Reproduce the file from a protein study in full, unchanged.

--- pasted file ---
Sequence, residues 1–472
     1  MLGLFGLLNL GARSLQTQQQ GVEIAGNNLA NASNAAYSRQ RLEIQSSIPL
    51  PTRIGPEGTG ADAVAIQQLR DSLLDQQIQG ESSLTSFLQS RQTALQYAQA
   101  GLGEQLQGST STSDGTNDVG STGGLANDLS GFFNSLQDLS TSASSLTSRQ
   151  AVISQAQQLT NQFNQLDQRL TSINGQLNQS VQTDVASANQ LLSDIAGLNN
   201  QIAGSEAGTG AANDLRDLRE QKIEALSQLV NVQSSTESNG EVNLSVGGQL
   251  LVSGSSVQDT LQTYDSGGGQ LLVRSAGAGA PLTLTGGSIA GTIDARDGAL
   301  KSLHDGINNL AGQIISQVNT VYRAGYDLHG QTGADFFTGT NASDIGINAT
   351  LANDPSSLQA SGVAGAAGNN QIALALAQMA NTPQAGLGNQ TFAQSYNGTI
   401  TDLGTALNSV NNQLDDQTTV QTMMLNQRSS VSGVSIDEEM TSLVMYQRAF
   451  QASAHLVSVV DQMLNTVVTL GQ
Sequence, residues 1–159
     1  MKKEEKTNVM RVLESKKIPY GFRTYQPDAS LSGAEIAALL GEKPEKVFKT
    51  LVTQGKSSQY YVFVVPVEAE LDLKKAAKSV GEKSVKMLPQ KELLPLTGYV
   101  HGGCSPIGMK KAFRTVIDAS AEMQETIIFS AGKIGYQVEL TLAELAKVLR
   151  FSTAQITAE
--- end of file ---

Sequence, residues 1–472
     1  MLGLFGLLNL GARSLQTQQQ GVEIAGNNLA NASNAAYSRQ RLEIQSSIPL
    51  PTRIGPEGTG ADAVAIQQLR DSLLDQQIQG ESSLTSFLQS RQTALQYAQA
   101  GLGEQLQGST STSDGTNDVG STGGLANDLS GFFNSLQDLS TSASSLTSRQ
   151  AVISQAQQLT NQFNQLDQRL TSINGQLNQS VQTDVASANQ LLSDIAGLNN
   201  QIAGSEAGTG AANDLRDLRE QKIEALSQLV NVQSSTESNG EVNLSVGGQL
   251  LVSGSSVQDT LQTYDSGGGQ LLVRSAGAGA PLTLTGGSIA GTIDARDGAL
   301  KSLHDGINNL AGQIISQVNT VYRAGYDLHG QTGADFFTGT NASDIGINAT
   351  LANDPSSLQA SGVAGAAGNN QIALALAQMA NTPQAGLGNQ TFAQSYNGTI
   401  TDLGTALNSV NNQLDDQTTV QTMMLNQRSS VSGVSIDEEM TSLVMYQRAF
   451  QASAHLVSVV DQMLNTVVTL GQ
Sequence, residues 1–159
     1  MKKEEKTNVM RVLESKKIPY GFRTYQPDAS LSGAEIAALL GEKPEKVFKT
    51  LVTQGKSSQY YVFVVPVEAE LDLKKAAKSV GEKSVKMLPQ KELLPLTGYV
   101  HGGCSPIGMK KAFRTVIDAS AEMQETIIFS AGKIGYQVEL TLAELAKVLR
   151  FSTAQITAE